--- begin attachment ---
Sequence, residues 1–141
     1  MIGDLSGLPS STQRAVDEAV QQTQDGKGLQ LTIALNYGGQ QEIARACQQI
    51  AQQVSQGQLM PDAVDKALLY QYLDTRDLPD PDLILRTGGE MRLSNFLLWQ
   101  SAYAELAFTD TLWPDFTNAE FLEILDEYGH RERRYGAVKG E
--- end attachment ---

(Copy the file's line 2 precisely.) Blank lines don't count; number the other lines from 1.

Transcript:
     1  MIGDLSGLPS STQRAVDEAV QQTQDGKGLQ LTIALNYGGQ QEIARACQQI